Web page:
Originally Posted by rostrata
In stained runoff water, I have had better success with white colored offerings, which tend to stand out a bit more for the bass. In the mouth, I've found 1-2oz white bucktails with an 8" white grub/5" fluke trailer/white rind or a leadhead with plain white 5" soft plastic fluke have saved many a day when silty water masked many of my usual colored patterns... especially when bass are down in the darker depths during daytime.
Another tip (courtesy of a recent addition of local fishing mag) I'll pass on which I tried out successfully just the other day.. Found the bass were holding right on the bottom. Picked up a few over a couple hours, but overall they did not seem to be actively feeding.
The tip: Using a bucktail (with braid).. violently jig the buckail up, then let it sink. This motion is kind of like the old "Jimmy Houston TV hookset on mono" and should really strain the forearm. The point is to zip the jig up a few feet, then drop... kind of like a baitfish in its death throes. Double-tap variations work too. The strike seemed to occur on the drop.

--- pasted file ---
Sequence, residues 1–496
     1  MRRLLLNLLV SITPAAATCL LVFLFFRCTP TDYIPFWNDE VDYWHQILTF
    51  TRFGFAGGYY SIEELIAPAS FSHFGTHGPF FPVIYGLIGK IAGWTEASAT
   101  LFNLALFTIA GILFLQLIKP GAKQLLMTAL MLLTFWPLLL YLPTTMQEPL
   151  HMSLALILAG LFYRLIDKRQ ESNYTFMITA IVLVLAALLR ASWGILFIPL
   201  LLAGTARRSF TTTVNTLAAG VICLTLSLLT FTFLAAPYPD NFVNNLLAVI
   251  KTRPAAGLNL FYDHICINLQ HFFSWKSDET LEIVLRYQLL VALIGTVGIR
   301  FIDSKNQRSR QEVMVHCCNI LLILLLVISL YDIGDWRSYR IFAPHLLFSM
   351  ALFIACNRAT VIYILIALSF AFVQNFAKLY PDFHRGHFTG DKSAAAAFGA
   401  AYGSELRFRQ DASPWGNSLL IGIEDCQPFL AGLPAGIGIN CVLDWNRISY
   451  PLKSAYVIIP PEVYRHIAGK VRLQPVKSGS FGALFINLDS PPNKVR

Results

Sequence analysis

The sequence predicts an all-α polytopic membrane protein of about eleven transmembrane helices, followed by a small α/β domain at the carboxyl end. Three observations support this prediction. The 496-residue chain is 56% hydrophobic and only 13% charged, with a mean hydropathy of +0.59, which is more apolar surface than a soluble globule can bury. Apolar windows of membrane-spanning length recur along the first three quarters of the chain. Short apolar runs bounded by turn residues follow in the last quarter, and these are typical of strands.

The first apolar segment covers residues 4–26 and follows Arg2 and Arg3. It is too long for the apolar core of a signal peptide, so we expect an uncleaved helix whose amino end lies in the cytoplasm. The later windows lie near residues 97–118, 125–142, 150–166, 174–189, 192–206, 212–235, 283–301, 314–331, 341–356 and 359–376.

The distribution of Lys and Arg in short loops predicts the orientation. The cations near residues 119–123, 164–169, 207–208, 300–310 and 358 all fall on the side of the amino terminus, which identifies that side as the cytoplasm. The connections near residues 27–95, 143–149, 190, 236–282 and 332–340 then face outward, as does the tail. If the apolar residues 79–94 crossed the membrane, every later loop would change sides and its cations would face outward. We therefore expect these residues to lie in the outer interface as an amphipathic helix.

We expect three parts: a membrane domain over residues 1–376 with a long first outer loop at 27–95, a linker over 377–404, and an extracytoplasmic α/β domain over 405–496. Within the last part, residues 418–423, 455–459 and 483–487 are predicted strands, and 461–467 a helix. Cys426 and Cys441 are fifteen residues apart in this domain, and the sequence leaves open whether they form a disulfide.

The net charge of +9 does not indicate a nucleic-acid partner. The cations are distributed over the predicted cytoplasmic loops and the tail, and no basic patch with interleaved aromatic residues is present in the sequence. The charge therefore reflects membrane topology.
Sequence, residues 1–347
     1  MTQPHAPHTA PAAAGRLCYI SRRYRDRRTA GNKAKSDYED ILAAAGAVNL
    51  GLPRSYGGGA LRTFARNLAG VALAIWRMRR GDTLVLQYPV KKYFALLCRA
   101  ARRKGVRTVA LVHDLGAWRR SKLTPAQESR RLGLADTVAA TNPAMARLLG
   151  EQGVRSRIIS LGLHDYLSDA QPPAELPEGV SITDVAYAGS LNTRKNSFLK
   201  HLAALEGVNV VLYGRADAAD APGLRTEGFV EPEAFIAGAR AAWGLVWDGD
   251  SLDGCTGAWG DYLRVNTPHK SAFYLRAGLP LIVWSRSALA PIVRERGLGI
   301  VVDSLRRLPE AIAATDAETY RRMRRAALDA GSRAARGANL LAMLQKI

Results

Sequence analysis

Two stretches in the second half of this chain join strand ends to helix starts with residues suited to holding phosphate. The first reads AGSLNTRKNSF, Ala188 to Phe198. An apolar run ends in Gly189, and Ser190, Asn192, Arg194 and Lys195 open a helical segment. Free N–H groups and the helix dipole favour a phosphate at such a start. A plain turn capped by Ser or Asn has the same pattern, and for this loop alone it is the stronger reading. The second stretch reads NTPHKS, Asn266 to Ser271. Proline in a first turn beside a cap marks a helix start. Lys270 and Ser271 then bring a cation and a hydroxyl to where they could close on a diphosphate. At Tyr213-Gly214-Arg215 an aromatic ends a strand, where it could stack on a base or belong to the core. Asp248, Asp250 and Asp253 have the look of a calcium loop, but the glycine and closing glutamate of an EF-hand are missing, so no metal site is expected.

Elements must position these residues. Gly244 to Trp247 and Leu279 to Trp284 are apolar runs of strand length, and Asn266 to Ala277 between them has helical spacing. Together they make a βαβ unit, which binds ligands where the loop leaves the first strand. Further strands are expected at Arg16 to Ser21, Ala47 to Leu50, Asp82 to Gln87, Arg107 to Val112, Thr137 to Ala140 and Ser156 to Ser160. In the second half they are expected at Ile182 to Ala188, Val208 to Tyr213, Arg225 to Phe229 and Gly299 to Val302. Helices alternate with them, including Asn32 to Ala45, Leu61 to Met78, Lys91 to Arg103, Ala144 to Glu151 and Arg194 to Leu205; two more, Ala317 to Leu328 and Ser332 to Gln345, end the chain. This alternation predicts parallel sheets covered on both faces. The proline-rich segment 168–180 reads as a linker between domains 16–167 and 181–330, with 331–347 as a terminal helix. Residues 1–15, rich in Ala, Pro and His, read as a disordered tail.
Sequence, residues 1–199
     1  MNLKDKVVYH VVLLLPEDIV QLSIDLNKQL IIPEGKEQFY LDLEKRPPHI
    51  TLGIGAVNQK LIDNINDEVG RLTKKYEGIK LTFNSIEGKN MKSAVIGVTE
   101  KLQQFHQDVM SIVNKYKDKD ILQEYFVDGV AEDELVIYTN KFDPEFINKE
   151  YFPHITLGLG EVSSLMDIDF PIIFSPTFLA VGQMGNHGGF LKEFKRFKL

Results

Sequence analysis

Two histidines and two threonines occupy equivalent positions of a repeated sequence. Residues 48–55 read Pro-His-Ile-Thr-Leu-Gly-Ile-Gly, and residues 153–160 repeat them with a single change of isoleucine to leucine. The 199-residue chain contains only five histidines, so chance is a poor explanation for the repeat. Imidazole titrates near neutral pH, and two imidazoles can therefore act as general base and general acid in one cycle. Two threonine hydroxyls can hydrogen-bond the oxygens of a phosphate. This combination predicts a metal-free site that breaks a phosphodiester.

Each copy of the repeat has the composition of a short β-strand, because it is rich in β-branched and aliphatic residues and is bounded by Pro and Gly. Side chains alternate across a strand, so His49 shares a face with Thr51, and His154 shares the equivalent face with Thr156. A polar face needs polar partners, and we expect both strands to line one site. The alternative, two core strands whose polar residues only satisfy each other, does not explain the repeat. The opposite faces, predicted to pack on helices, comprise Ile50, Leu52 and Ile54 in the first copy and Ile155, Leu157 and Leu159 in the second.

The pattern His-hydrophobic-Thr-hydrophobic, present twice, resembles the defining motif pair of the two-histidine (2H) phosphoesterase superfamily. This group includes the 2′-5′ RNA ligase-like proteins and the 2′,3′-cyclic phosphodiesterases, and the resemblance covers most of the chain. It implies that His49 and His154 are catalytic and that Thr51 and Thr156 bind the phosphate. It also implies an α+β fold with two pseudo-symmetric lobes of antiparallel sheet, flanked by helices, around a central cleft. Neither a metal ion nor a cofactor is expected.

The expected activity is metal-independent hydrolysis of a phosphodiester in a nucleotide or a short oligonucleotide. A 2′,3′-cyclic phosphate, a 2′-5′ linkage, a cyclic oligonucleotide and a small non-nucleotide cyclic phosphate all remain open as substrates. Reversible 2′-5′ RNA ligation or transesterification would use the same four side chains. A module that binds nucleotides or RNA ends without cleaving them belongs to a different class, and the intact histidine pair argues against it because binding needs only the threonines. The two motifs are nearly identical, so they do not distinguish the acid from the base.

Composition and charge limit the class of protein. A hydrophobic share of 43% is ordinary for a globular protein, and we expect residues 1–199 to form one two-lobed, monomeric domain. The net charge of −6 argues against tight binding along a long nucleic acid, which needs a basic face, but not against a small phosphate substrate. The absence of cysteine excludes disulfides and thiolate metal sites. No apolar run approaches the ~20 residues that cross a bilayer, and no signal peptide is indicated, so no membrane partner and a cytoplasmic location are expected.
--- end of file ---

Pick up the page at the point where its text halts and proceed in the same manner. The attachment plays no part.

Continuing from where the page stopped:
As soon as I started this technique, the fish started hitting a bucktail they had for the most part ignored. Nobody around me was catching anything.. from shore or boat. This technique produced 6 fish in a half hour. Though the author recommended using this on a bucktail without a trailer(due to the friction of the flapping tail), it worked fine for me on a 2oz SPRO white w/8" grub.
This makes total sense to me, because alot of times when i fish fresh water with a jig, or most other baits of that nature. They always seem to hit it when it is falling. Either right after it is casted, or as it falling down from the retrieval..
I will keep this in mind as a back up plan next time i am slugging the jig out right out there.
I have good luck with a white smiling bucktail, with a watermelon sluggo attached to it